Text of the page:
How do you pack for the Civil War? Heavily, very heavily indeed. I’m about to join a reenactment at the 150th anniversary of the Battle of Gettysburg, and I have to look the part, not of a cavalryman like the rest of my outfit, but of a civilian observer.
I’ll be depicting what I might have been in 1863 Pennsylvania -- a war correspondent embedded with a unit of Confederate cavalry.
Why Confederate? Because the Union didn’t ask.
Ten years ago, through a friend, this unit invited me to camp with them at the 140th anniversary reenactment. The experience felt like time-travel, like being inside a Mathew Brady photograph, only in living blue and gray. This spring, just when I was getting wistful about the 150th, my old unit asked me back.
I know what I’m getting into: We are going to camp “in period,’’ meaning we will eat, sleep and dress as closely as possible to the way the original combatants ate, slept and dressed.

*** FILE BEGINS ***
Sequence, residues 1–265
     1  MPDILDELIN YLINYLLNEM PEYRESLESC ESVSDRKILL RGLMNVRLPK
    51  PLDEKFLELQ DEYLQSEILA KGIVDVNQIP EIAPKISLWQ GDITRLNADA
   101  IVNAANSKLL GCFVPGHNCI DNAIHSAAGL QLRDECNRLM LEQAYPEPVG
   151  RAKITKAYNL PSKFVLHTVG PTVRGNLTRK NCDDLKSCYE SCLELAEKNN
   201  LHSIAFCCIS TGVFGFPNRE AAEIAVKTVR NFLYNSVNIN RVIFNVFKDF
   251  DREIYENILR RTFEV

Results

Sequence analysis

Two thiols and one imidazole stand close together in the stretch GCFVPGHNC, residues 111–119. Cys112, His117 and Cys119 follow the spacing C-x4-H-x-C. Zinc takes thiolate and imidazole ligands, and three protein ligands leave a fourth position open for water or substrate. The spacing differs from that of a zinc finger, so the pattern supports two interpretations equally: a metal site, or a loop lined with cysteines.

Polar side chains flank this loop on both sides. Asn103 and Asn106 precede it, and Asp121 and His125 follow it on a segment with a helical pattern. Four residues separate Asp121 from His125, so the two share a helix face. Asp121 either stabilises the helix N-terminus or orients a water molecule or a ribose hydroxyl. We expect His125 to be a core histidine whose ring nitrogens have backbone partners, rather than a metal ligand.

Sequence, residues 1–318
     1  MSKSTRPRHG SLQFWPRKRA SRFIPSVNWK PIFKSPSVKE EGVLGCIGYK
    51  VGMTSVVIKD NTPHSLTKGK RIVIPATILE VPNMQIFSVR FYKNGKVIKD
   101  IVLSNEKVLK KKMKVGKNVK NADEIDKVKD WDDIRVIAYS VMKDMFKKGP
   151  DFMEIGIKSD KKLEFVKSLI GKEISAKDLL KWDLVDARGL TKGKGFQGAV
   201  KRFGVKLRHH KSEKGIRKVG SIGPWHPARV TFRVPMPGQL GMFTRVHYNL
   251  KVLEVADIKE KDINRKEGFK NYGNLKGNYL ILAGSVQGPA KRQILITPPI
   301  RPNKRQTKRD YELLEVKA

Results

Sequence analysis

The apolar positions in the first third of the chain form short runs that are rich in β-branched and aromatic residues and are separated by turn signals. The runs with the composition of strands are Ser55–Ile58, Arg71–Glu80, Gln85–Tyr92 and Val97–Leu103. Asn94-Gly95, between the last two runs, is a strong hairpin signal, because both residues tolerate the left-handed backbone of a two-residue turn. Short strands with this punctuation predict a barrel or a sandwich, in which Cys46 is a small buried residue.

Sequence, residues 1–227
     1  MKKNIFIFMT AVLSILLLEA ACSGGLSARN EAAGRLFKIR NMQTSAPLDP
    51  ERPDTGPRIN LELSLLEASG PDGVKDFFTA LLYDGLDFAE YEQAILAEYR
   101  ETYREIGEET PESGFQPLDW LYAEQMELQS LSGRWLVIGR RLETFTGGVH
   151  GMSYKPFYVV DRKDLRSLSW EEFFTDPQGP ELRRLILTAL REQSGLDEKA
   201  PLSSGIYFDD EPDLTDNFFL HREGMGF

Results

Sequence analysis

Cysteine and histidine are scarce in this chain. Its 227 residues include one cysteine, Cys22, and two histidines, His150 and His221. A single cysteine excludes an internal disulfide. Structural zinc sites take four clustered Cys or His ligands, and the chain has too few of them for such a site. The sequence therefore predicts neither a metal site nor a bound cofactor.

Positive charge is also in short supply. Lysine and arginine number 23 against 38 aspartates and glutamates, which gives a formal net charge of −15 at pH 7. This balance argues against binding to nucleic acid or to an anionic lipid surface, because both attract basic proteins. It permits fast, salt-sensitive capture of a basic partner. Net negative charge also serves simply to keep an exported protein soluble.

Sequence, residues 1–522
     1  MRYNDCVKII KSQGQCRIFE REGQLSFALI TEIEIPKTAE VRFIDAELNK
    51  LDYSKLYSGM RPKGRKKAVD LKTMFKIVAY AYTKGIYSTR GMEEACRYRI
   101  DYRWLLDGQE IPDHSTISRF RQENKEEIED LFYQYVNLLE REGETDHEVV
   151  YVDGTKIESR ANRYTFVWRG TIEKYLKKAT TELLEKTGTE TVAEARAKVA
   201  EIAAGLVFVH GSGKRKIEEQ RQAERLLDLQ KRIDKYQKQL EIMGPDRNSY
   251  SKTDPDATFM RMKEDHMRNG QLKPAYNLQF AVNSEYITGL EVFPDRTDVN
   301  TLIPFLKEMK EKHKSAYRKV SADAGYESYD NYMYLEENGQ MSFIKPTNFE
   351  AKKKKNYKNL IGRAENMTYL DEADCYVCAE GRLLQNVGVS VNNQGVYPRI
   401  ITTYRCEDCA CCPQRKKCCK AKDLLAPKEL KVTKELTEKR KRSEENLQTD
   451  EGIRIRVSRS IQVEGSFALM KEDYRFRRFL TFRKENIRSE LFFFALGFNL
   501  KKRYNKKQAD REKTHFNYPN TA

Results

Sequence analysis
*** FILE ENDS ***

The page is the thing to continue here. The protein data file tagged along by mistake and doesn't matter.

That means sleeping in a small canvas tent, cooking food over a campfire and spending my days wearing woolen clothes too heavy to wear in a Minnesota winter. The forecast is for thunderstorms, so I’ve thrown in an old camping poncho and vinyl rain boots, but I may not be permitted to wear them in camp: They’re too "farby," the reenactor term for inauthentic.
Nothing spoils the historic mood faster than a stray Coke can or a windblown Cheetos package, and this reenactment has even tighter rules than usual. Even my favorite writing instruments are discouraged, so instead of black felt-tip pens, I’ll be taking my 150th Gettysburg notes in pencil.